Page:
But according to Mireille Razafindrakoto, research director at the Institute of Research for Development (IRD), the main preoccupation of the voting population is worsening poverty. Even if Hery Rajaonarimamapianina has succeeded in re-establishing the flow of aid from the international community, he has not managed to stem the crisis. As is often the case in Madagascar, the political and economic crises are closely intertwined: the country has been marred into poverty for the last decade, with repeated political strifes in between. As such, the return of international aid to the country has been a major boost to its economy — so should his people now be entrusting him with another mandate, or playing the change card?
Former President Marc Ravalomana
After denouncing the fraud orchestrated by Didier Ratsiraka, who was president from 1975 to 1993, and again from 1997 to 2002, Marc Ravalomanana became president in 2002 — in the first round of the ballot — against the will of the international community, which was in favor of a second round. Had this happened, it would have provided the final verdict between the two candidates with the most votes in the first round of ballot. Ravalomanana argues that since he already obtained more than 50% of the votes, there was no need for a second round of ballot since he already won.
In 2008, against the will of a significant portion of the population, Marc Ravalomana mooted the potential 90-year lease of 1.3 million hectares of land to the South Korean firm, Daewoo Logistics. Then, in 2009, the country was lashed by the world financial crisis. Street protest movements, lasting several months, finally led to his resignation on March 17, 2009, and his subsequent exile in South Africa.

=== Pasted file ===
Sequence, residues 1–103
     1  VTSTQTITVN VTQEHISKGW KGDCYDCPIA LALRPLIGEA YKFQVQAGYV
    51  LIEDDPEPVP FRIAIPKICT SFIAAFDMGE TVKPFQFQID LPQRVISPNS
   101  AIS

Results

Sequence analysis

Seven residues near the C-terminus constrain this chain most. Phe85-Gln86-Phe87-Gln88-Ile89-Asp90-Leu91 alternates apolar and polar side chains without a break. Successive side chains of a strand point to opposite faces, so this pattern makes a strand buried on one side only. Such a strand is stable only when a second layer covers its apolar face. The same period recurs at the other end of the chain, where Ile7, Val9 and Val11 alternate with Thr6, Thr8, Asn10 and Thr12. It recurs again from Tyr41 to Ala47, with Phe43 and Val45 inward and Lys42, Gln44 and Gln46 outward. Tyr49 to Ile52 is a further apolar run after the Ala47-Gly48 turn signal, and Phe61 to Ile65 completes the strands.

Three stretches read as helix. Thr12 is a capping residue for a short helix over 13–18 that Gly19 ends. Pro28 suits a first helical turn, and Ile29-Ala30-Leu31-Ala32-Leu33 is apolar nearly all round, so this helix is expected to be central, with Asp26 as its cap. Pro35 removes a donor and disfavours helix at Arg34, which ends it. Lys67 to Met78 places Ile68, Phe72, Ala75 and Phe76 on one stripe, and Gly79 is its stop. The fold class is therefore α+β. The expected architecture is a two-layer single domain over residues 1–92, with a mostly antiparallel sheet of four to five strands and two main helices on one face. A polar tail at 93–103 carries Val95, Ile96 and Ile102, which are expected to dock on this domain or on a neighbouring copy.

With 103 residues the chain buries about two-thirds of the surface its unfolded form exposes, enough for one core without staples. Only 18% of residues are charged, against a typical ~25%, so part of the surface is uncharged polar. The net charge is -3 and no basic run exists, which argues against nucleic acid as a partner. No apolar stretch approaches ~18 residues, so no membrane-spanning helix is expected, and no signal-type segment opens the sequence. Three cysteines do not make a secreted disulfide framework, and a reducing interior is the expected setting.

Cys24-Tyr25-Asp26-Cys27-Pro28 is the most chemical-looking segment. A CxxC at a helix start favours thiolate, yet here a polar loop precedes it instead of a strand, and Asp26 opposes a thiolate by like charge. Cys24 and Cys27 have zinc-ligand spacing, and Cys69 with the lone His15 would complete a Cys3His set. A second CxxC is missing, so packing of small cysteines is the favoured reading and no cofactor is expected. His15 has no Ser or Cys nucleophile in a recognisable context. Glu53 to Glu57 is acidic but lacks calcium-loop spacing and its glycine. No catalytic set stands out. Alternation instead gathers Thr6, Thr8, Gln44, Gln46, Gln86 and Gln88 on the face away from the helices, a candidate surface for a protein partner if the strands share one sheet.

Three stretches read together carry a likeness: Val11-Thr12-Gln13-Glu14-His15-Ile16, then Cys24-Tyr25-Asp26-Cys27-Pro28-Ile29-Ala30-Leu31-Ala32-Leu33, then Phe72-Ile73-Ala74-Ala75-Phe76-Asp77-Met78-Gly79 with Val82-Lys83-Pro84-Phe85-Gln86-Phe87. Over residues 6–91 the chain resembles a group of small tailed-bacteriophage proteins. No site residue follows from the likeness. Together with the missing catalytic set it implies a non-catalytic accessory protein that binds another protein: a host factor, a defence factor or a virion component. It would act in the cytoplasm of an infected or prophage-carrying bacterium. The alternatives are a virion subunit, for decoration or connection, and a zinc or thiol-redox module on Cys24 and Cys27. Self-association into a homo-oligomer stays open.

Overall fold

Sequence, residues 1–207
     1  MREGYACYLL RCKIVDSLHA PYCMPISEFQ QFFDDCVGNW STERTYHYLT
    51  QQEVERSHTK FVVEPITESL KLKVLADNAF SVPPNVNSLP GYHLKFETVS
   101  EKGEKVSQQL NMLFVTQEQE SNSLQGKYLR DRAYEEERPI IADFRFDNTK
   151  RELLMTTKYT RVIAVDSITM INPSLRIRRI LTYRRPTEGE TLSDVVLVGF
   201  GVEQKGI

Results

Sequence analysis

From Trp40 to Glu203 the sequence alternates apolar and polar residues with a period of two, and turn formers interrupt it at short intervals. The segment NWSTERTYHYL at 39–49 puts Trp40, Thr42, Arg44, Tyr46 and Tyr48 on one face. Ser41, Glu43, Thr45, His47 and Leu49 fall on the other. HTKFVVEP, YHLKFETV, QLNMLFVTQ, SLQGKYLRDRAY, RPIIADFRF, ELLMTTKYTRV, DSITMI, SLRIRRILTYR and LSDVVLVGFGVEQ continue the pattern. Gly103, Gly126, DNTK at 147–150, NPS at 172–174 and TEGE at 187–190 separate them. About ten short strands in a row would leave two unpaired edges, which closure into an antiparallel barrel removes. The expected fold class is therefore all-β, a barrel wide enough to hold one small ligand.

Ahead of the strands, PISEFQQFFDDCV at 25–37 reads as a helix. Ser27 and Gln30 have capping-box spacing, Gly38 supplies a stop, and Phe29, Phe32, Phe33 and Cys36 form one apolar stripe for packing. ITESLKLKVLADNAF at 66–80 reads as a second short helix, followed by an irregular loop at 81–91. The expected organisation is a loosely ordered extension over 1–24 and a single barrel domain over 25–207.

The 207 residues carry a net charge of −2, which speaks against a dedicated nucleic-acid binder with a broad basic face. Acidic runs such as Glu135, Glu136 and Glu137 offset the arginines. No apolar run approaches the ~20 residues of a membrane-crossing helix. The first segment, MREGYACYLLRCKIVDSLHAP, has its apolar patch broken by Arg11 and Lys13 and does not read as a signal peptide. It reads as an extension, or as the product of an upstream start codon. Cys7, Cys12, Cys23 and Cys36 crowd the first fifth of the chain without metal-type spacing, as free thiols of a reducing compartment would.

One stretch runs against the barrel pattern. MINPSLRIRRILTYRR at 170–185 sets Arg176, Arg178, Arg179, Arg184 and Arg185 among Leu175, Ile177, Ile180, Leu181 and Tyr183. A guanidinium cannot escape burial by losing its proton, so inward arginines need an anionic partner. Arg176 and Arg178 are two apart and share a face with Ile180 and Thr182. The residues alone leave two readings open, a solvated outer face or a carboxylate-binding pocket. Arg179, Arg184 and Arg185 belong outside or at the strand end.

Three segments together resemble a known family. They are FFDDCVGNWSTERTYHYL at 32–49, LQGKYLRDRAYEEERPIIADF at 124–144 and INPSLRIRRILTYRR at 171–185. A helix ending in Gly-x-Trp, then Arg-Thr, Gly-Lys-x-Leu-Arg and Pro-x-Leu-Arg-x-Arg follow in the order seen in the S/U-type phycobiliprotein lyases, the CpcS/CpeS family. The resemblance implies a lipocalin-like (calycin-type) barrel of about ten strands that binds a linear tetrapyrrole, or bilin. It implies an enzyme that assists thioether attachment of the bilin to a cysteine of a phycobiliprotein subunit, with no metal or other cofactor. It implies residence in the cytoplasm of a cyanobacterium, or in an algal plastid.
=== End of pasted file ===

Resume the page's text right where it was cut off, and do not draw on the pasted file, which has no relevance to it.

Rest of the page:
Andry Rajoelina, former “President of the Transition”
On that day, the army passed power over to Andry Rajoelina, who had been the mayor of Antananarivo from 2007 to 2009. He was obliged to form a coalition government with the supporters of former presidents Marc Ravalomanana, Didier Ratsiraka and Albert Zafy. Having been handed power by the military, the international community pressured Rajoelina into giving up the presidency and organizing elections; he did so only in 2013. Over the course of his four-year term, poverty increased to an alarming degree, with zero or negative economic growth.
Rajoelina hopes, no doubt, to avenge this decision by standing in this year's elections. In that case, he will have to successfully distance himself from Maminiaina Ravatomanga, a rich Malagasy businessman — and former ally of the current president — who stands accused of tax fraud and money laundering for organized crime operations.
In this context, the next presidential election shows every sign of bringing another stormy episode to political life in Madagascar.